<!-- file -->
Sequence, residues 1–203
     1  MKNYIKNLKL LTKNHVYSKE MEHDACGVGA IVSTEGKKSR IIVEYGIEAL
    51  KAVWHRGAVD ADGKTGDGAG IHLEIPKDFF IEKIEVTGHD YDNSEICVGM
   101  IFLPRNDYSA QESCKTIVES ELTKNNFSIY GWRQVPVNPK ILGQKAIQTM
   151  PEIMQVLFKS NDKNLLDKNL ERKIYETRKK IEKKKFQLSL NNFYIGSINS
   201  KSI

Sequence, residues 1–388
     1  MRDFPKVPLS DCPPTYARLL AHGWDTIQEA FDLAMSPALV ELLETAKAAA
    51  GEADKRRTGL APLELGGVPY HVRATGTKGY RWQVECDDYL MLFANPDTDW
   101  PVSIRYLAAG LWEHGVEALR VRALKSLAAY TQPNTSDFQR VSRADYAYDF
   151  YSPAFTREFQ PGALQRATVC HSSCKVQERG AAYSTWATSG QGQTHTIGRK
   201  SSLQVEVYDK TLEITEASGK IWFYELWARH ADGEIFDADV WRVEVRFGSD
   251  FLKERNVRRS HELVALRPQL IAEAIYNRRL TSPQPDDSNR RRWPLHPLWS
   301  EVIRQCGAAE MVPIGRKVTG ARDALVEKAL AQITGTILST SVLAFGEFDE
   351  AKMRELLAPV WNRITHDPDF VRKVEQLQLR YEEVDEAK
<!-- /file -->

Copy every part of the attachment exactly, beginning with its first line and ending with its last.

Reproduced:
Sequence, residues 1–203
     1  MKNYIKNLKL LTKNHVYSKE MEHDACGVGA IVSTEGKKSR IIVEYGIEAL
    51  KAVWHRGAVD ADGKTGDGAG IHLEIPKDFF IEKIEVTGHD YDNSEICVGM
   101  IFLPRNDYSA QESCKTIVES ELTKNNFSIY GWRQVPVNPK ILGQKAIQTM
   151  PEIMQVLFKS NDKNLLDKNL ERKIYETRKK IEKKKFQLSL NNFYIGSINS
   201  KSI

Sequence, residues 1–388
     1  MRDFPKVPLS DCPPTYARLL AHGWDTIQEA FDLAMSPALV ELLETAKAAA
    51  GEADKRRTGL APLELGGVPY HVRATGTKGY RWQVECDDYL MLFANPDTDW
   101  PVSIRYLAAG LWEHGVEALR VRALKSLAAY TQPNTSDFQR VSRADYAYDF
   151  YSPAFTREFQ PGALQRATVC HSSCKVQERG AAYSTWATSG QGQTHTIGRK
   201  SSLQVEVYDK TLEITEASGK IWFYELWARH ADGEIFDADV WRVEVRFGSD
   251  FLKERNVRRS HELVALRPQL IAEAIYNRRL TSPQPDDSNR RRWPLHPLWS
   301  EVIRQCGAAE MVPIGRKVTG ARDALVEKAL AQITGTILST SVLAFGEFDE
   351  AKMRELLAPV WNRITHDPDF VRKVEQLQLR YEEVDEAK